Myanmar Says Ethnic Army Attacks Were ‘Acts of Terrorism’ That Hurt Peace Talks

The Myanmar government on Friday strongly condemned attacks by three ethnic rebel armies that left 15 security officers and civilians dead in the Mandalay region and neighboring northern Shan state, calling them acts of terrorism that could thwart the country’s teetering peace process.

An alliance comprising the Ta’ang National Liberation Army (TNLA), the Arakan Army (AA), and the Myanmar National Democratic Alliance Army (MNDAA) launched coordinated attacks early Thursday on five sites in two areas, including a military academy in Mandalay’s Pyin Oo Lwin township, police checkpoints, and a bridge in Shan state’s Nawngkhio township.

These incidents are apparent acts of terrorism, President’s Office spokesman Zaw Htay told reporters in Naypyidaw. They attacked civilian targets and intentionally destroyed the checkpoint facilities for narcotic drugs.

In all, 15 people were killed and 13 injured, he said.

Nine soldiers and officers were killed during the attacks, and one was wounded, he said. Three policemen were killed, and two were injured. In addition, three civilians were killed, and 10 were injured.

He also said that damage from the attacks totaled more than 280 million kyats (U.S. $177,141).

Zaw Htay said that the attacks occurred amid government efforts to meet with the three groups for cease-fire discussions, though the door was still open to them for possible talks.

These attacks have severely affected the peace negotiation process led by the state, but we still have the doors open for them to join in the peace talks, he said.

RFA’s Myanmar Service was unable to reach AA spokesman Khine Thukha or TNLA spokesmen Major Mai Aik Kyaw for comment on Zaw Htay’s statements.

All three armies have been fighting Myanmar forces in their respective regions, with the AA battling government troops in a quest for greater autonomy in Rakhine state, and the TNLA and MNDAA fighting over territory and lucrative resources in northern Shan state.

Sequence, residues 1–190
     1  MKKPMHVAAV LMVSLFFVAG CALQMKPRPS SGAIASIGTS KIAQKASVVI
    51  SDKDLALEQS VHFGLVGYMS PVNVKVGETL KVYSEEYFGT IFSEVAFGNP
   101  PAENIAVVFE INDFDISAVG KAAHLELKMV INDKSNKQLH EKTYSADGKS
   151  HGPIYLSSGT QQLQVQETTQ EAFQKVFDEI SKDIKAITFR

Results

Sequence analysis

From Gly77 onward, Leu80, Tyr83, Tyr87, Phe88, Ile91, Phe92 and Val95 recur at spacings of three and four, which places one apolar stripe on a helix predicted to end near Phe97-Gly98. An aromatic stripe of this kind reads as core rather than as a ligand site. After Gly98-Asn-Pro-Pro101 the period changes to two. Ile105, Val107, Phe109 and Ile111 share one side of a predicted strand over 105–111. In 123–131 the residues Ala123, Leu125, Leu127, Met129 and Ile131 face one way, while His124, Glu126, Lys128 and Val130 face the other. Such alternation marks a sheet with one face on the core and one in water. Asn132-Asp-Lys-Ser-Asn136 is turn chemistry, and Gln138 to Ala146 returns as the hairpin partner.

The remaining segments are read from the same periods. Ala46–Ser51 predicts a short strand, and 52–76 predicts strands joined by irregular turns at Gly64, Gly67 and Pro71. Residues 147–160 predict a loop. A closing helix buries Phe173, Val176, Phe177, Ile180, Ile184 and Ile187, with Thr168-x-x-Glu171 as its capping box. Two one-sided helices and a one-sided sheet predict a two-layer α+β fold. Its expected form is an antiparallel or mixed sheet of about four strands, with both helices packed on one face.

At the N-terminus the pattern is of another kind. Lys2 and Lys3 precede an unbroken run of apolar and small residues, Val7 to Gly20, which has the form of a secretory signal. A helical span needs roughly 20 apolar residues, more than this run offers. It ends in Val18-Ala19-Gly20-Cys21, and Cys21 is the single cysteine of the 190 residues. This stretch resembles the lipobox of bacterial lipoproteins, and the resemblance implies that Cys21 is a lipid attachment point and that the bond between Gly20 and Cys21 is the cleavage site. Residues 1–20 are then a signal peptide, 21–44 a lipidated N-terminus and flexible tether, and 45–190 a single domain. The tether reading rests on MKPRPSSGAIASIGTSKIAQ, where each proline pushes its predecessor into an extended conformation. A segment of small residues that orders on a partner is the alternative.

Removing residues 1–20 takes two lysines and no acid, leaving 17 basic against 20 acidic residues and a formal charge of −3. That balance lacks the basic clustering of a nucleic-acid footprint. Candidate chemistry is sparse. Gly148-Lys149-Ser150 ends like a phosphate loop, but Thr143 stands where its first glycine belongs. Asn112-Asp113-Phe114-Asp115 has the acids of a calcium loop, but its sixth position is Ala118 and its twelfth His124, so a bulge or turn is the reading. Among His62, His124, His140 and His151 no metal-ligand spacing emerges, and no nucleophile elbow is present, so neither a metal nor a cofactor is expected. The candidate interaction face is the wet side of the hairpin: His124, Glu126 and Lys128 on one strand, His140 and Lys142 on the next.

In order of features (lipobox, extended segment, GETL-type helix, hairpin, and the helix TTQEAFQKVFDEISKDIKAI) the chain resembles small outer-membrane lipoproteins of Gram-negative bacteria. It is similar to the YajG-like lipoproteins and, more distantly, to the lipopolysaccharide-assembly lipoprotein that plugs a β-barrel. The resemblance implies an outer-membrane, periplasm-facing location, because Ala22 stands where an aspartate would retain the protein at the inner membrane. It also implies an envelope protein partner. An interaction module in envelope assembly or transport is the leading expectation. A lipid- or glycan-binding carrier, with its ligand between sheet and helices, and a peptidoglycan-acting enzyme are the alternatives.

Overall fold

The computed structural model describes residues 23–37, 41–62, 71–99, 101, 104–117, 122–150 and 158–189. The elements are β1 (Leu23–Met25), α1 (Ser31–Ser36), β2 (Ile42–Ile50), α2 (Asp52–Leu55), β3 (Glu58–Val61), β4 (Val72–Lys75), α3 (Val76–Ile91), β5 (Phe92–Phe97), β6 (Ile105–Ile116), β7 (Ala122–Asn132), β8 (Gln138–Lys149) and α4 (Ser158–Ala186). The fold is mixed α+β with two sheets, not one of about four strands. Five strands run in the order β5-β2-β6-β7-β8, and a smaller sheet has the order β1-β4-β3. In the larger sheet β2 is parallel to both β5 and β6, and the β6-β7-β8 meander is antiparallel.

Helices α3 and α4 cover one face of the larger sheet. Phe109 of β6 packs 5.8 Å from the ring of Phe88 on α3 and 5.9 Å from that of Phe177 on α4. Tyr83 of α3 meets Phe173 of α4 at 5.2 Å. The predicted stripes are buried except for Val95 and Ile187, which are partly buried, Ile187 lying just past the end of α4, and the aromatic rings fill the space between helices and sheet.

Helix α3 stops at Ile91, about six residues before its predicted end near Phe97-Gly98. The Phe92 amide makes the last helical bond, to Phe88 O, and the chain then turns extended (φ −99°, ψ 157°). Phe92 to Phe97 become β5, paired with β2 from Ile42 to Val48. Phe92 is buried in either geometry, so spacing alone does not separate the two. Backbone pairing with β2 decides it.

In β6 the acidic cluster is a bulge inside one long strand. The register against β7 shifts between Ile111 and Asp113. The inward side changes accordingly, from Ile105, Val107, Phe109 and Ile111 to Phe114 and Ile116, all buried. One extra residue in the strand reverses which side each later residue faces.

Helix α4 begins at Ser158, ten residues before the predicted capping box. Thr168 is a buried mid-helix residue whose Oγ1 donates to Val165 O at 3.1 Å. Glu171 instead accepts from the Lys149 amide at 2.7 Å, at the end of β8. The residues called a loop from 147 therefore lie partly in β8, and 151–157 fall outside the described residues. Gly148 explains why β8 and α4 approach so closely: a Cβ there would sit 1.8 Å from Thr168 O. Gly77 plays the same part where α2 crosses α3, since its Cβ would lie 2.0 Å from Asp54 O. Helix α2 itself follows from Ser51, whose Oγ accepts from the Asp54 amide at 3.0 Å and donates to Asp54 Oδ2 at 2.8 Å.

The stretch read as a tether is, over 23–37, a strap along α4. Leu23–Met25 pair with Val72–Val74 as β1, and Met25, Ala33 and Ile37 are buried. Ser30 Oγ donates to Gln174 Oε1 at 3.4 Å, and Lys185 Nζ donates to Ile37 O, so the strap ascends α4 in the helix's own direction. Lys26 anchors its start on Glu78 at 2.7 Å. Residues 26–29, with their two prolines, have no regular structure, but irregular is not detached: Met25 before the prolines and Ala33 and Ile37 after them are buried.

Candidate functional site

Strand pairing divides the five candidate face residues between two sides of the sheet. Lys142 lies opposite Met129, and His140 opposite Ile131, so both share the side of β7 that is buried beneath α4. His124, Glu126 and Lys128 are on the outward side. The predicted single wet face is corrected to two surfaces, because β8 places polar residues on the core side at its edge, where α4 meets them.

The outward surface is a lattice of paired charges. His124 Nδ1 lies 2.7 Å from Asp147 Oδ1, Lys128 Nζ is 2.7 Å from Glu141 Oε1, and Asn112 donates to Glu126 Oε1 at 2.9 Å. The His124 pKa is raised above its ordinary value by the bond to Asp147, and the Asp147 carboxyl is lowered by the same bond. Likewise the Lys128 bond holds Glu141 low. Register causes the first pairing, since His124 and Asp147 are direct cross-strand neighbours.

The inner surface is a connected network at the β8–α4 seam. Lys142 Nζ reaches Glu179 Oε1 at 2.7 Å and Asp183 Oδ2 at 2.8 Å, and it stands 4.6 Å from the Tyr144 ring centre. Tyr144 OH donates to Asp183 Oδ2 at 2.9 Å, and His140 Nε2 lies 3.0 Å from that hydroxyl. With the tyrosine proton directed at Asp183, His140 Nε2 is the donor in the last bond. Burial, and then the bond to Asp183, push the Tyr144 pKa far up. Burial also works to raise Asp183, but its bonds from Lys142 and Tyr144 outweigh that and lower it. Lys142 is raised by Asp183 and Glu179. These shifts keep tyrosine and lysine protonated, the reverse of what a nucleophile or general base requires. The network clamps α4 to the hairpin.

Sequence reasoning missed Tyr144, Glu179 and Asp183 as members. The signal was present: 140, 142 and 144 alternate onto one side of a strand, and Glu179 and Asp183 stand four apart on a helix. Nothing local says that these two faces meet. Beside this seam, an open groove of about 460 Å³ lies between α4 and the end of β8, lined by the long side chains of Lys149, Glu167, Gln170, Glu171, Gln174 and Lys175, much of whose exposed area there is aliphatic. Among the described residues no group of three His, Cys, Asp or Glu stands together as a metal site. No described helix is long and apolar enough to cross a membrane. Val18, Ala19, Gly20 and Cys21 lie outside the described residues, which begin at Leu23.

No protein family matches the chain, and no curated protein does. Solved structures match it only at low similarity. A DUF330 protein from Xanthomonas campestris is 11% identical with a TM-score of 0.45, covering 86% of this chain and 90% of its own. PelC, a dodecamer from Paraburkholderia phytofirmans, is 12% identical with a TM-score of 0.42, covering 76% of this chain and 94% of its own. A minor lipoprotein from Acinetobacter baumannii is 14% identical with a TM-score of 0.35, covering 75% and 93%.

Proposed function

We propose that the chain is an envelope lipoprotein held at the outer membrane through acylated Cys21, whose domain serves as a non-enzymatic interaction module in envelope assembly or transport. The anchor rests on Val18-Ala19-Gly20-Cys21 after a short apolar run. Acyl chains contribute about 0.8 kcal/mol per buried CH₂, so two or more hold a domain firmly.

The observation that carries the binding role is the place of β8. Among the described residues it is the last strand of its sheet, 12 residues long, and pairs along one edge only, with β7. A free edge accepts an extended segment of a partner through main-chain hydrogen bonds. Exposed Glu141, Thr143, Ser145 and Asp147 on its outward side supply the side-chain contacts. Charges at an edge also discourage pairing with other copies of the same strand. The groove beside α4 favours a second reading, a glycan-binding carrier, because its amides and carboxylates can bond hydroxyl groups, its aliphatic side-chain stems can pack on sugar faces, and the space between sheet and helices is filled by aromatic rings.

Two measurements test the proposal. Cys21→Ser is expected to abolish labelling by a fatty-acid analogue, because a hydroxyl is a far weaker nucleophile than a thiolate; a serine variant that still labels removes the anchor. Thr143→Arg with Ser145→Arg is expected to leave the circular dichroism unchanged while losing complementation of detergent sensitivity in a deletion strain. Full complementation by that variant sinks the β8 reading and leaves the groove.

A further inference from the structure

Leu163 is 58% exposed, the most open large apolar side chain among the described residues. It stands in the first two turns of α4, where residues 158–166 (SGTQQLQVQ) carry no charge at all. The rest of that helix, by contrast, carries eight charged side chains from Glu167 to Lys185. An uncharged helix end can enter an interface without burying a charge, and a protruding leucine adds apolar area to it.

The fighting has continued in Shan state despite a temporary unilateral cease-fire declared by the Myanmar military that covers five of its command regions, but excludes Rakhine state. The cease-fire expires on Aug. 31.

Government negotiators have met four times this year with representatives from the Northern Alliance, comprising the three ethnic armies and the Kachin Independence Army (KIA), to discuss the signing of bilateral peace pacts.

Stop and wait

The attacks in Pyin Oo Lwin and Nawnghkio townships, meanwhile, have affected cargo and passenger traffic in the areas, bringing vehicles traveling along the highway connecting Mandalay and Muse in northern Shan state to a halt, truck and bus drivers said.

Cargo transporters said it could take much longer until vehicles can use the highway on which 200 to 300 trucks drive daily.

It could take a while to secure stability in the region and restore regular cargo traffic, said Maung Htwe, a worker from the Ngwe Sandar cargo depot. So far, the cargo trucks already on the road are stuck in nearby towns like Hsipaw. The cargo trucks getting all packed up and ready to leave have to stop and wait.

The highway is crucial for the two-way transport of goods with agricultural, fishery, and livestock products as well as raw materials from Myanmar going to China, and electronics, construction materials, finished products, and commodities from China going to Myanmar.

Passenger bus drivers said many travelers returning to Mandalay from Hsipaw are now stuck because the operators are too afraid to leave, driver Ko Nay said. Other buses are using different, longer routes that take twice as long to reach their destination

Many passengers are stranded in Hsipaw since the buses aren’t leaving, he said. Some small cars left, but they took different routes. Passengers have to pay more for the trip, and the trip takes much longer than traveling on the Union Highway road. The road conditions are also very tough.

Officials on Friday suspended rail service between Mandalay and Lashio, the largest town in northern Shan state out of security concerns, said an official at Lashio’s rail station, adding that he did not know when regular service would be resumed.

As for the damaged Goke Twin Bridge in Nawngkhio township, Myanmar’s Ministry of Construction said Thursday that the government would build in its place a two-lane Bailey bridge. A prefabricated truss bridge, within five days.

Copyright (copyright) 1998-2016, RFA. Used with the permission of Radio Free Asia, 2025 M St. NW, Suite 300, Washington DC 20036